Without further ado, here is Liz:
Five reasons why I love time travel stories
1. I love the idea of time being circular, rather than linear. In other words, I love playing with the idea that we can not only affect the future by what we do in the present, but that we can go back into the past and change our future. Or even change the past with something we do in the present. I like to think that time might not be as straightforward a concept as we think, and that it really could be another dimension that is far more flexible and unpredictable than we realise.
2. I love the possibilities that open up if time travel is a factor. Like the romances that become possible in The Lake House, or The Time Traveller’s Wife. Or the way that repeated or alternate lives can give you another chance, like in Sliding Doors, or Groundhog Day or It’s a Wonderful Life. It’s all about stepping out of the strict black and white ideas of what is possible and wondering if there are other versions of our lives that we could pursue. And, whether we can time travel or not, this idea is something that we could all consider at times anyway.
3. Yes, I admit it. I like the feeling of forcing my brain to work that little bit harder to grasp a concept that is almost – but not quite – out of reach. Like in the Back to the Future films, where various characters have to jump through all sorts of hoops to avoid messing with the space-time continuum. Or in Terminator, where a character from the future has to go back in time to kill a child so that he doesn’t grow up to become a rebel leader who will himself come back in time at some point in the future. Arrrggghh! See what I mean? Melts the brain. But I like it!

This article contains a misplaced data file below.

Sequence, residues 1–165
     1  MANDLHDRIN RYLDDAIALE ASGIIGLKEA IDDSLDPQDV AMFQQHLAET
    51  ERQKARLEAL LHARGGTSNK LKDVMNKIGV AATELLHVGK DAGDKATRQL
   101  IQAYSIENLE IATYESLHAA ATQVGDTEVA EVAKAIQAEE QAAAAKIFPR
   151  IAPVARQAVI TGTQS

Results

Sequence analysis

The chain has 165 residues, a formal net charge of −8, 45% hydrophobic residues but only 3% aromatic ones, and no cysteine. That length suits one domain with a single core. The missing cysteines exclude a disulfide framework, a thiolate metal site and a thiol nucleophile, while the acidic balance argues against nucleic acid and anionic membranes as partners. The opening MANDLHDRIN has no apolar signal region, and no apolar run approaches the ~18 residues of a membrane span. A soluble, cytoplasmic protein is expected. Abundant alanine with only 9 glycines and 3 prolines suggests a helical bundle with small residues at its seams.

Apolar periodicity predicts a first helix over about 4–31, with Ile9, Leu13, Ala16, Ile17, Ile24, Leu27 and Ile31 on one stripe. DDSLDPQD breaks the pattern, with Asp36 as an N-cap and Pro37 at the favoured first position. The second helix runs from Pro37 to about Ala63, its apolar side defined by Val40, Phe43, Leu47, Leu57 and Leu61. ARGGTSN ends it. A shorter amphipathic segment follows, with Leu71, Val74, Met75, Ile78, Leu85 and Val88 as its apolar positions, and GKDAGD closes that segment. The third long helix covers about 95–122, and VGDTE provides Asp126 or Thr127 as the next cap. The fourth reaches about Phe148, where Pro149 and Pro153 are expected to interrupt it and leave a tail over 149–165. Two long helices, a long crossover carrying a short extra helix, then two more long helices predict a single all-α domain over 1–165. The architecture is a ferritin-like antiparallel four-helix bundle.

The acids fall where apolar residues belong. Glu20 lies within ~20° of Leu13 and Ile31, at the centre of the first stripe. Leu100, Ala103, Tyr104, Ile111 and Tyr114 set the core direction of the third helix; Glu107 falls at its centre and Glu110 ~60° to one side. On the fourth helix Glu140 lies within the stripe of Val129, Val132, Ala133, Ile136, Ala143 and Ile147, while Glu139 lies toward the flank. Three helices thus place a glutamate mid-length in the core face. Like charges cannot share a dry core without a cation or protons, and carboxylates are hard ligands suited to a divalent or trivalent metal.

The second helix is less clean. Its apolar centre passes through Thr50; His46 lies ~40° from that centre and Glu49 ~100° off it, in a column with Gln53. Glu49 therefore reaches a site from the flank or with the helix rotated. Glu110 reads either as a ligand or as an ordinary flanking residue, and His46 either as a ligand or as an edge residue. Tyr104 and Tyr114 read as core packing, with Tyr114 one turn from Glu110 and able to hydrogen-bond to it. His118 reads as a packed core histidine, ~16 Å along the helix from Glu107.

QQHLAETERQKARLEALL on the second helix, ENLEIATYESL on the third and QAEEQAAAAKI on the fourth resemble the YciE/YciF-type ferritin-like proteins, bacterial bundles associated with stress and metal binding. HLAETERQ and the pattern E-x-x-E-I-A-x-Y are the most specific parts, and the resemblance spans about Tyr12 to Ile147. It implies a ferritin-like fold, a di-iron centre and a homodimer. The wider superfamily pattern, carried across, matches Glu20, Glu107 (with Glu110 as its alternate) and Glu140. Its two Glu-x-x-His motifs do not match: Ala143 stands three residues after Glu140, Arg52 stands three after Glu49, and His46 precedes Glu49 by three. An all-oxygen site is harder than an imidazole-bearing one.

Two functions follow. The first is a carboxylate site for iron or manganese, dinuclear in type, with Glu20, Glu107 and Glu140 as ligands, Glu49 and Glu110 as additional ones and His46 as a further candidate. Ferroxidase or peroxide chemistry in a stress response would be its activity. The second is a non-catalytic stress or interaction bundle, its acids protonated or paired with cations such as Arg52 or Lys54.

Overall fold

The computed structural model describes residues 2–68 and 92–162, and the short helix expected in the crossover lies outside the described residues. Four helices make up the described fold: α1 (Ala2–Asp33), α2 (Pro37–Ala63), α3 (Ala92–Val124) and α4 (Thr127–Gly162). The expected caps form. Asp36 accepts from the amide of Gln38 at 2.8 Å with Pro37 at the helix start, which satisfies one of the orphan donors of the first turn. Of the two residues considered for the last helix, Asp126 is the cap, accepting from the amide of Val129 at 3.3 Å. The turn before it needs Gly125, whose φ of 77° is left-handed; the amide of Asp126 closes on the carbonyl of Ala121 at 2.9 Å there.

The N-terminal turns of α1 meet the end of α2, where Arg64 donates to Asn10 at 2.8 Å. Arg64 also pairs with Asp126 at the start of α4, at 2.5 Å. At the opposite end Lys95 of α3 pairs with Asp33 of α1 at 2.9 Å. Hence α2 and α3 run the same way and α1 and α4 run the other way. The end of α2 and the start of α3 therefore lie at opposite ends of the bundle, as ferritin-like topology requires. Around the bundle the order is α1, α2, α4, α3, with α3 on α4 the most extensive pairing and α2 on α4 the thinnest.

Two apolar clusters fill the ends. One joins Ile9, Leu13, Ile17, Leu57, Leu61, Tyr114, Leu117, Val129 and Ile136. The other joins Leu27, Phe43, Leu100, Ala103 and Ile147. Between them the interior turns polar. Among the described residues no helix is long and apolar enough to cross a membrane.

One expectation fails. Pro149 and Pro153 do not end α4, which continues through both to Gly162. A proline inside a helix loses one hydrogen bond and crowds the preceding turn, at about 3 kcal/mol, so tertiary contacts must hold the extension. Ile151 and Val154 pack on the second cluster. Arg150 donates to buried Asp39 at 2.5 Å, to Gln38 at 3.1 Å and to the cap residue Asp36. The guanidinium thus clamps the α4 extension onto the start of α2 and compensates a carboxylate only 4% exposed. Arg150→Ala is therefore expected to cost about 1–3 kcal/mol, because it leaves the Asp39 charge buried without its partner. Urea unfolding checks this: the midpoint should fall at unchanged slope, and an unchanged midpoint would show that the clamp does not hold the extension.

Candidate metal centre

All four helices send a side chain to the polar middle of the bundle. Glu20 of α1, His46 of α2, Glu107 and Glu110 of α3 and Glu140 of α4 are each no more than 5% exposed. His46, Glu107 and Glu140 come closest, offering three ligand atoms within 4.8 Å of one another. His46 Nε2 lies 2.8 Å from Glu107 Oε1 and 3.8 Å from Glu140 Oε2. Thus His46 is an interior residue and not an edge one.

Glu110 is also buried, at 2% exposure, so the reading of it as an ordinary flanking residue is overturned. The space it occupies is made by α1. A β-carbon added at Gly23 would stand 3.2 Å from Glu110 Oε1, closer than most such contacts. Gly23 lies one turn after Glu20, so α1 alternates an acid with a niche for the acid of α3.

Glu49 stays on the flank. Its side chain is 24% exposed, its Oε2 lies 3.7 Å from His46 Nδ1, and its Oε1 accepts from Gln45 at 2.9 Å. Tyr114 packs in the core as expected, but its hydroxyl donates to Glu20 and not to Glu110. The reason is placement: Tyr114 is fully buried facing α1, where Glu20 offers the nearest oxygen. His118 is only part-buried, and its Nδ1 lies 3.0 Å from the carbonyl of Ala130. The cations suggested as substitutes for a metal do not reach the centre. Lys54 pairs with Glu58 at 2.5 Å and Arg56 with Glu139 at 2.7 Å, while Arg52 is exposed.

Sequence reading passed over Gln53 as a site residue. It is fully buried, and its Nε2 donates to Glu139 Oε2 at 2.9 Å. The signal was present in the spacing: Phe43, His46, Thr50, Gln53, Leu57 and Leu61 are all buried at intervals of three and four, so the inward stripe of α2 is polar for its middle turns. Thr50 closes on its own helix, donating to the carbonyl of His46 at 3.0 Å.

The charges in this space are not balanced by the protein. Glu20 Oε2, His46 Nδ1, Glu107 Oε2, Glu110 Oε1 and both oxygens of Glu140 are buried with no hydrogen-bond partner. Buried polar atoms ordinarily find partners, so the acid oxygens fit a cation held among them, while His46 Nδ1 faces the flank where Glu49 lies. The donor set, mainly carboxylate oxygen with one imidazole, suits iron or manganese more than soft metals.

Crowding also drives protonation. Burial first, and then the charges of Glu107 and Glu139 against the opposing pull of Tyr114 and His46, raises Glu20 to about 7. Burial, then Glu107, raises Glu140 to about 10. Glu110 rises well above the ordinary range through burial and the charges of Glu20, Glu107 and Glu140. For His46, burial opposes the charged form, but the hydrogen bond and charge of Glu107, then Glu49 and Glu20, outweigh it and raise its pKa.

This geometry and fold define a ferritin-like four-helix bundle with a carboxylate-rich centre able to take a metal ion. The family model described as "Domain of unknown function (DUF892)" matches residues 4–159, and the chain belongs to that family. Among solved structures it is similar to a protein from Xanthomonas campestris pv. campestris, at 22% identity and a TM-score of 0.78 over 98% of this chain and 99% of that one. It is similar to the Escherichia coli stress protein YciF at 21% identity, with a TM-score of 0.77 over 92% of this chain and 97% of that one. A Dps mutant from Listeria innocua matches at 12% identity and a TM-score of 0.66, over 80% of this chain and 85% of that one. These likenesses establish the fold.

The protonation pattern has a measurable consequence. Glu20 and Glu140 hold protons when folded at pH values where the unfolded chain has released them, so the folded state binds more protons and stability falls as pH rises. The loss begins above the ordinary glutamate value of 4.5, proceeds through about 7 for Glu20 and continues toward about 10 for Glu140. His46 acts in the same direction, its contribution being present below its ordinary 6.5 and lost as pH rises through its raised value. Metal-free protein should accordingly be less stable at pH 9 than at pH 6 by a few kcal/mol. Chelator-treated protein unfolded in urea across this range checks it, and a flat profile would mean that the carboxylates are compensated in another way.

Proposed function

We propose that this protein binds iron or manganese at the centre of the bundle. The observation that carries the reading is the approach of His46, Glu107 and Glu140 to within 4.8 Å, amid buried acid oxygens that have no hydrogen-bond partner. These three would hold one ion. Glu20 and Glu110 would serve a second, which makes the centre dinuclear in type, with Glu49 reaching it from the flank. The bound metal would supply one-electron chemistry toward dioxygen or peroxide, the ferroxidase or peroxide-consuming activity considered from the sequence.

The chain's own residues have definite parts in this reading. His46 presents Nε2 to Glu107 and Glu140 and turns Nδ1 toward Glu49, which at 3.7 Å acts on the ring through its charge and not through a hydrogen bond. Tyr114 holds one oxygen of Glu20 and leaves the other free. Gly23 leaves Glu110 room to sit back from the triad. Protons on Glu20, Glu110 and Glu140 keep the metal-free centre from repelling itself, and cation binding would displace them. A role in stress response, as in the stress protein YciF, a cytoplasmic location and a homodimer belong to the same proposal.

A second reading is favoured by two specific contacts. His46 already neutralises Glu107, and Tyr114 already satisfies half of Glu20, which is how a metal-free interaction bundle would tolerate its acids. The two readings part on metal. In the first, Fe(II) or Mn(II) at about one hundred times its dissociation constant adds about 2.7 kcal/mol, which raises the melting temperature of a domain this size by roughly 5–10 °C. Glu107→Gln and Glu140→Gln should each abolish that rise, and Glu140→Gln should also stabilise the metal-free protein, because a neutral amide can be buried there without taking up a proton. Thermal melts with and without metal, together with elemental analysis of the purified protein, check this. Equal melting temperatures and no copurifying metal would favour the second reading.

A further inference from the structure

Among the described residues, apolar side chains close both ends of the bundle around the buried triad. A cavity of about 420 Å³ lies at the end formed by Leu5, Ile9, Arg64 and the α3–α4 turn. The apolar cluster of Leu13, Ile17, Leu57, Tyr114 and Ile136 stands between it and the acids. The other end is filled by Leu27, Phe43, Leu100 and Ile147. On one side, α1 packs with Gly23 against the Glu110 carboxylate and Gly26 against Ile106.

4. Just like with mermaids, fairies and pirate dogs (the subjects of my other books) time travel is a concept that no one can 100% tell you you’ve got wrong. As far as we know, time travel isn’t actually a real possibility. So it’s all about the imagination – and this appeals to me. I love to let my imagination run free without fear of correction and admonishment. If I was writing about Victorian Britain, I’m sure I’d get some of my facts wrong, and I bet it wouldn’t take long for someone to write and tell me so. But with time travel – well, as far as we know, no one has yet successfully done it, so it’s up to me to decide for myself how it works. Unless, of course, you know otherwise…
5. It’s basically more fun than boring old reality. The thing is, we live in a real, normal world every day. And that’s fine, for a place to live – but when it comes to writing (or reading – or watching) stories, I do love a bit of something extra thrown into the mix. And time travel is the perfect way to do that. It’s so nearly something that we could believe is possible, and yet something so impossible at the same time. It’s enticing and magical, and yet gives us another way to look at reality. It’s the perfect escapism and I love it.
All of which is why I’m very excited that Orion have let me write three books all dealing with time travel in different ways. North of Nowhere is the second. I hope you love time travel too. And I hope that if you read North of Nowhere, you’ll enjoy that too! Thanks for having me on the blog, and happy (time) travels!
Thanks for your Time Travel enthusiasm Liz! The space-time continuum is mind-blowing stuff to get your head around.
NORTH OF NOWHERE by Liz Kessler is published by Orion Children’s Books on 24 January in hardback at £9.99
My readers may also be interested to hear about a a North of Nowhere creative writing competition that we are running to celebrate young talent. The competition is open to all writers aged 8-13 who need to finish the story (which is the opening paragraph of NORTH OF NOWHERE) in 500 words or less. Entries are open from 17 January 2013 – 28 March 2013. The winner will have their story published on the Guardian Children’s Books website, will win a digital camera as well as £100 worth of Orion Children’s Books for their school library.
The competition launched on the Guardian Childrens Books website: http://www.guardian.co.uk/childrens-books-site/2013/jan/21/liz-kessler-north-nowhere-creative-writing-competition
Do check it out!